Have you ever wondered about your dog’s long line of ancestry?

Is he a pure Jack Russel or his great-great grandmother half Irish Terrier? Why are his eyes so blue and mouth so long? Did he inherit any disease from his parents?

Our dogs have particular traits that make them undoubtedly unique from everyone else. If you want to know more about them, you might consider a dog DNA test! This procedure can tell an awful lot about your dog’s family history, risks of diseases, and overall genetic makeup.

The surge in the popularity of dog DNA testing has encouraged other dog guardians to do the same for their pooches.

If you’re thinking about doing a DNA test on your dog, let’s look at how dog DNA tests work and run you through their perks and downsides.

How Does Dog DNA Test Work?

The whole procedure works like human DNA kits. The labs can trace your dog’s maternal and paternal line all the way back to their grandparents.

They monitor all these through your dog’s DNA, which has two copies of every gene, one from their mom and the other from the dad.

Amazing, right?

These tests usually just entail a swab of the cheek, and the whole process can give an explanation for the 20-25 thousand genes of your furry dog located in 78 chromosomes.

That’s not even the best feature yet.

Almost all dog DNA tests offer health screenings! This means you can take precautions against tendencies toward a disease lurking in your dog’s DNA.

Pros of Getting Your Dog Tested

Here is a more detailed list of benefits that might convince you to get your doggo tested.

Confirming Parentage

If you already know that your dog is a Labradoodle, you might want to dig deeper and have an idea of which parent is the Labrador and which one is the Poodle. Genetic fingerprinting will let you know about the positive identification of a dog and their pedigree tracking.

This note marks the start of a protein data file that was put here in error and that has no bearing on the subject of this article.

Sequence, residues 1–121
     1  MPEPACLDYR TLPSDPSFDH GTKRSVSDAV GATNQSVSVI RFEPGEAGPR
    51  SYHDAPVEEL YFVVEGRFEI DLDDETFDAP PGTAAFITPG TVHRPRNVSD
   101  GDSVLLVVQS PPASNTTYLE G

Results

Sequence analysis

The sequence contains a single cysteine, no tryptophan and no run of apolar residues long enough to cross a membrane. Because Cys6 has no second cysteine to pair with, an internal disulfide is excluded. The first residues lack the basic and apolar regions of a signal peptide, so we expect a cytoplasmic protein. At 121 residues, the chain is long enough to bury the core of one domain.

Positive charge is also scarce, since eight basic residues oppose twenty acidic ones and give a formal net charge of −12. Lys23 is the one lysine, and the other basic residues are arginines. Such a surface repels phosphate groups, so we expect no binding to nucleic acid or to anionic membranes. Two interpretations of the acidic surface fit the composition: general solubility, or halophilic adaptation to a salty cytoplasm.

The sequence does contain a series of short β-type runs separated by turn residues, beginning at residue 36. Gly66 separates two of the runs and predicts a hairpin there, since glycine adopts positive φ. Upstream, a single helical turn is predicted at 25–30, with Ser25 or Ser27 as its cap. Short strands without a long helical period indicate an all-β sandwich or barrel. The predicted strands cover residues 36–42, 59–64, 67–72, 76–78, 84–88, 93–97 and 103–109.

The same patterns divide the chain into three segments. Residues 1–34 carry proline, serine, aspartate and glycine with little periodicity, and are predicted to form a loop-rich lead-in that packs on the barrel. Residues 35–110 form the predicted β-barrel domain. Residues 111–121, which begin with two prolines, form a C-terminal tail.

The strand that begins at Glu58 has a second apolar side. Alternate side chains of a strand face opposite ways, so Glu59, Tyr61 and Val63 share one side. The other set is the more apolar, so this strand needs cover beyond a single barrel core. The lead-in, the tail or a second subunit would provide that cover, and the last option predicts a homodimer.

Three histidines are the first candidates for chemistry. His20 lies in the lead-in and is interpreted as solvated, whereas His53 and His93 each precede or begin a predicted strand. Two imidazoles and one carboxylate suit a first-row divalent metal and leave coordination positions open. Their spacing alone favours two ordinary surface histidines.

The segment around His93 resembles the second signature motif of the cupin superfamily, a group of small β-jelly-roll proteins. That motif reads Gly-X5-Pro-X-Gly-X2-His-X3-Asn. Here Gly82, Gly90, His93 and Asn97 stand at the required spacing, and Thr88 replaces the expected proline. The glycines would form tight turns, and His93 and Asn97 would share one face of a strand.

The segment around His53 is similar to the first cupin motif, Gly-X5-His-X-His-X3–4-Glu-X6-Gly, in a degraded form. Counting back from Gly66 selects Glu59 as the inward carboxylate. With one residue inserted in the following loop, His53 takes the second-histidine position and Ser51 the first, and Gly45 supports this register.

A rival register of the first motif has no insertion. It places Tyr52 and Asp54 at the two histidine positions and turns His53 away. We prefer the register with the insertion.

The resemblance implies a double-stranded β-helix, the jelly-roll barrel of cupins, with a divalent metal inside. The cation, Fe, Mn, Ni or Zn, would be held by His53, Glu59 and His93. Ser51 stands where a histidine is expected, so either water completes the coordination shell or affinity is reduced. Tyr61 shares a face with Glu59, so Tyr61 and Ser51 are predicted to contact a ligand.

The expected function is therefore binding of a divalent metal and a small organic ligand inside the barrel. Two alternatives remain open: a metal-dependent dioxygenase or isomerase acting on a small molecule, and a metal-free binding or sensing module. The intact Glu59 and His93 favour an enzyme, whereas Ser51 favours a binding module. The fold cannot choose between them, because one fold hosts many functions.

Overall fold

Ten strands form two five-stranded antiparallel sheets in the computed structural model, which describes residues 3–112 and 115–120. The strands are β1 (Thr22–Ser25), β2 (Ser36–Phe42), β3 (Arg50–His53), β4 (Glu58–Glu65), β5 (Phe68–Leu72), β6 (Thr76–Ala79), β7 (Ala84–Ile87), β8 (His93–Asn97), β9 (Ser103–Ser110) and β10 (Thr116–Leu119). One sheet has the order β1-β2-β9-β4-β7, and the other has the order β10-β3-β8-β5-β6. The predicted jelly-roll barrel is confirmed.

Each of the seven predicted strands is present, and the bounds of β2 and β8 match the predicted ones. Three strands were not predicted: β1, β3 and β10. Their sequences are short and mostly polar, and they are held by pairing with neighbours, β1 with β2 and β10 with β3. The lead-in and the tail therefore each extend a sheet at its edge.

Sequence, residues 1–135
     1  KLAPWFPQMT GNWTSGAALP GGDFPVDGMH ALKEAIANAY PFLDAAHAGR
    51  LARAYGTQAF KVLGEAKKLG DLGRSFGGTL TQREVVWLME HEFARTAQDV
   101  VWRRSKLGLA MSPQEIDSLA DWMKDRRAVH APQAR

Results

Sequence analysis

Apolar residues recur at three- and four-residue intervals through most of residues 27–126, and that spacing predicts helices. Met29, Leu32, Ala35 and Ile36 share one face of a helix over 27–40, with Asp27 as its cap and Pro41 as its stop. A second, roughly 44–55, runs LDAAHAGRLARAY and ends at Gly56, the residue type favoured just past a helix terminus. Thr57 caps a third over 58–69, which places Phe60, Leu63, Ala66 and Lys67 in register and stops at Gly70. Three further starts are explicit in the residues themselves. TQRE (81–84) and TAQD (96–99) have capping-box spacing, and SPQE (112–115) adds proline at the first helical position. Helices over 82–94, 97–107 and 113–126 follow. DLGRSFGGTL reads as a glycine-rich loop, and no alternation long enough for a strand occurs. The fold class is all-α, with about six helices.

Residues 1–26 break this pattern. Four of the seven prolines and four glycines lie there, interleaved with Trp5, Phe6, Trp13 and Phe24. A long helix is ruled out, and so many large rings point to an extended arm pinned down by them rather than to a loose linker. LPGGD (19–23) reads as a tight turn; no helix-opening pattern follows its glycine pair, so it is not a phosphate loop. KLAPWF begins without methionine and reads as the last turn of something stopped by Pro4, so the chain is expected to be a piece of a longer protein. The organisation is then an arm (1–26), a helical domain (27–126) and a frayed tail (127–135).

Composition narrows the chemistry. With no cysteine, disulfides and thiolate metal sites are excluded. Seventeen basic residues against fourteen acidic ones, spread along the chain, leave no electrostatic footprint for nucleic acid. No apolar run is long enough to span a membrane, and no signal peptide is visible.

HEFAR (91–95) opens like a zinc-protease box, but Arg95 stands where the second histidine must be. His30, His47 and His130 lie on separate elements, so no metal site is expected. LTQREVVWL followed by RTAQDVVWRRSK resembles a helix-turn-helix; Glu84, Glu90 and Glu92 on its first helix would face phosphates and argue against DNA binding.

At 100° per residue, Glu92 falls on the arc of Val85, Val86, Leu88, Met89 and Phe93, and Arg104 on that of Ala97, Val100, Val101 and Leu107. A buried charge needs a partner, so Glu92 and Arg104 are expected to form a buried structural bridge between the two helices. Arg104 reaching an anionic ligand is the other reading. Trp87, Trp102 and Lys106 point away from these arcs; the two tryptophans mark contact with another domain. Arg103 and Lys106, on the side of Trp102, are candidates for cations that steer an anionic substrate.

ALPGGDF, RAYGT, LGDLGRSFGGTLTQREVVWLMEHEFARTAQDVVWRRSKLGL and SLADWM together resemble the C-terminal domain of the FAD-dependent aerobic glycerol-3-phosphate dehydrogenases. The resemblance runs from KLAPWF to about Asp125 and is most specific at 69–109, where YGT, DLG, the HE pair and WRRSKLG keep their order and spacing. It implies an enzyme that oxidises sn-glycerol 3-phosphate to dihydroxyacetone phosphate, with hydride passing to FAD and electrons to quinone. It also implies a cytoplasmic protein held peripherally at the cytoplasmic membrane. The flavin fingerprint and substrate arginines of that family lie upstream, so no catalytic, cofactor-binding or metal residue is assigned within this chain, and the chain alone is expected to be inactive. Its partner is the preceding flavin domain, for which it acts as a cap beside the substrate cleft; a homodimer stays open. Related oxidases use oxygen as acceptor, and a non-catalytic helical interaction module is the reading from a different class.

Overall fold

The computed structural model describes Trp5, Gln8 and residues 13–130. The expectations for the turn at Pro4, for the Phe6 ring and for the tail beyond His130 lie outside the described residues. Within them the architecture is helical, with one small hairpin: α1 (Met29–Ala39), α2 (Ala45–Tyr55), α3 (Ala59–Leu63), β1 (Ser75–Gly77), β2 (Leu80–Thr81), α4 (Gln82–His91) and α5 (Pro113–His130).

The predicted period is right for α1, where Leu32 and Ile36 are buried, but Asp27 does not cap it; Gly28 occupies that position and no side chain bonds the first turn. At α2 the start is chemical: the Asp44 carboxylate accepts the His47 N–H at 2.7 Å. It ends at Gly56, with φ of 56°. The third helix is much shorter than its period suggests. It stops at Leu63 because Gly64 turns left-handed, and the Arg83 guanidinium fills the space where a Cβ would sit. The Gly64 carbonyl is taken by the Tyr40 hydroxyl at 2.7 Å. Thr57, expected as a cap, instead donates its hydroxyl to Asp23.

Determining the Mix in Mixed-Bred Dogs

If you haven’t found out yet what breeds went into creating your dog, this will be helpful! DNA testing will allow you to make intelligent choices about the healthcare and training of your pet.

For instance, rescue parents must let their adopted dog undergo the test to solve their fur baby’s identity issues and find out the best ways you can take care of them.

Detecting Inherited Diseases

Now that you know about your dog’s parentage and breed, you’ll see if they’re predisposed to certain disorders or allergies.

For example, Labradors are known to be susceptible to arthritis, so you need to plan meals that will keep their bones healthy and medications for injuries.

According to the Orthopedic Foundation for Animals, Inc., knowledge of a pet’s genotypic status is the breeders’ most potent tool for eliminating genetic disease!

Cons of Dog DNA Testing

Are Dog DNA kits always accurate? What should you worry about when purchasing one?


Dog DNA tests are meant for the parents to know more about their dogs. However, there have been cases where people use it as a basis for everything.

These tests cannot necessarily tell owners whether a dog should or should not reproduce. They also cannot formally diagnose your dog with any disease.

One concern is that these DNA tests can show mutations linked to diseases but have incomplete information. A breeder’s decision to stop reproducing may just hinder the dog from passing otherwise good genes because of a “possibility” of disease.

A popular story in Boston reported a pug being euthanized because her owners interpreted the DNA results to mean she had a neurological disease when the ailment was completely curable.


Half of the dogs in the United States are mixed breeds, and almost 75% do not fully know their dog’s ancestry. Why the sudden need to know? Would you love your dog any less if you found out that they are not pure-bred?

Additionally, the thirst for knowledge about dogs’ ancestry has led dog parents to spend millions on DNA tests collectively. Maybe it is safe to say that it’s all a campaign to increase profit.

The Verdict

The science behind DNA tests for dogs is very intriguing and exciting.

But is it really worth a try?

It might be helpful for those who have no idea about their mix-breed rescue dog’s identity. Knowing your dog’s primary breed will be beneficial to keeping you informed about potential diseases and other needs.

DNA tests are functional (but expensive!), yet you don’t have to over-analyze the results! Your dog is remarkable the way they are, and they can’t simply be defined by a swab on the cheek.

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